CASPER — The U.S. could establish a national strategic uranium reserve for the first time in the country’s history, thanks to $75 million in funding included in the federal spending bill signed by President Donald Trump this week. 

In addition, a piece of legislation passed in the giant omnibus funding bill would limit the import of uranium from Russia in favor of boosting uranium production in the U.S. This act aims to reduce the amount of uranium U.S. companies can purchase from Russian suppliers and incentivize the development of a domestic nuclear fuel supply chain. 

The bipartisan legislation was introduced by Wyoming Republican Sen. John Barrasso and New Mexico Democratic Sen. Martin Heinrich back in September. 

Barrasso saw both the uranium reserve, and adopted legislation, as big wins for Wyoming’s mineral industry, though some conservation and taxpayer advocates criticized the federal government for providing the country’s uranium industry with a lifeline. 

“The creation and funding of a national uranium reserve is long overdue,” Barrasso said in a statement. “This reserve will help preserve and strengthen uranium production in Wyoming and ensure America will always have the fuel it needs to power our nuclear reactors.” 

Nuclear fuel can be harnessed in power stations to produce electricity without emitting carbon dioxide, a greenhouse gas causing climate change. But to make nuclear fuel, you first need uranium. 

Right now, most utility companies in the country import inexpensive uranium from state-run producers abroad, displacing demand for U.S. production of the commodity. 

State-owned uranium companies run by other countries can often deflate prices and make it difficult for U.S. companies to compete. 

According to the U.S. Energy Information Administration, an impartial energy data center, 90% of uranium purchased by U.S. nuclear power reactors comes from outside the country. About 13% of uranium was imported from Russia in 2018. Owners of nuclear power reactors bought the vast majority of uranium from Canada, Kazakhstan and Australia in 2018.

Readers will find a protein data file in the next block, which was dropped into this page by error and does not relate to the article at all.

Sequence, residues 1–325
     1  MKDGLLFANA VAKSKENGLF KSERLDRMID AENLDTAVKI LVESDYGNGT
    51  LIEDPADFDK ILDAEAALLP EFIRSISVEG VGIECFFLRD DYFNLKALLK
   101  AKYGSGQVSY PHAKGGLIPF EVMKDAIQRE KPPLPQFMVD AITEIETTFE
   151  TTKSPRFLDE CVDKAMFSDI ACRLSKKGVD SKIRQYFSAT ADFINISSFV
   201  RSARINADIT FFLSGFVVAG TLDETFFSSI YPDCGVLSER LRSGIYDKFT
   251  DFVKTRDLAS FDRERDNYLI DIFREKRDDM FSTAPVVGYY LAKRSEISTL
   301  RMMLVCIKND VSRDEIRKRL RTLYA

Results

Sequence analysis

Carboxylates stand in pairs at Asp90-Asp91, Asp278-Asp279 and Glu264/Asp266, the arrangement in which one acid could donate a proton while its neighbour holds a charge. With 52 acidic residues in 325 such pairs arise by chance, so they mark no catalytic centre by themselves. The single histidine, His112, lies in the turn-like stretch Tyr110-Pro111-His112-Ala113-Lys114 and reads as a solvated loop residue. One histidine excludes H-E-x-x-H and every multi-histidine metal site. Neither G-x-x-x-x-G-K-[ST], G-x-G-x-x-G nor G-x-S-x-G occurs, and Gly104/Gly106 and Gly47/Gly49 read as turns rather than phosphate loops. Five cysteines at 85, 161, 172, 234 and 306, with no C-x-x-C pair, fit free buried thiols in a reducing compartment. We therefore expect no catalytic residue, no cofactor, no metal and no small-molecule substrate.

Only about 10% of their supply came from U.S. companies. 

Each time a company decides to import uranium from abroad, that’s one less customer purchasing uranium from the leading producer of the fuel in the country: Wyoming. 

Wyoming holds rich uranium deposits and leads the nation in uranium mining. 

But domestic mining for the metal has rapidly declined, as companies turn to markets abroad to purchase the critical material. 

Wyoming energy groups have been pressing Trump for years to institute new trade policies, like quotas, to intensify domestic demand of uranium. 

Nonetheless, not all Wyomingites agree and critics of boosting uranium mining again in the country worry the practice would threaten the environment or public safety. 

In addition to establishing a national strategic uranium reserve to boost demand for the commodity, the act would also give the Nuclear Regulatory Commission the ability to block imports of uranium from Russia and China if it “poses a threat to the national security of the United States,” according to the bill. 

Proponents of the legislation contend the changes will bolster national energy security and independence, while also accelerating the use of a carbon-free electricity source. 

Energy Fuels Inc., the largest uranium company in the country, praised the $75 million in funding allocated to the reserve. 

“This key funding opens the door for the U.S. government to purchase domestically-produced uranium to guard against potential commercial and national security risks presented by our country’s near-total reliance on foreign imports of uranium,” the company wrote in a statement.

Travis Deti, executive director of the Wyoming Mining Association, said the legislation would be helpful for Wyoming’s uranium industry if the next presidential administration follows through on creating the reserve. 

However, he said the industry had been hoping for closer to $150 million allocated for the reserve, as initially recommended by the Nuclear Fuel Working Group. Ultimately, the bill provides half that amount. 

Still, many conservation groups were far less enthused about the latest developments in support of uranium. 

Joshua Axelrod and Geoffrey Fettus of the Natural Resources Defense Council called the uranium reserve “a wasteful government handout meant to prop up uneconomical, polluting domestic uranium mining when there is no threat of a shortage to U.S. uranium supplies.”

Instead, the conservation organization has called on the federal government to dedicate taxpayer money to “clean, safe and cheap” energy technologies, like wind, solar and energy storage.

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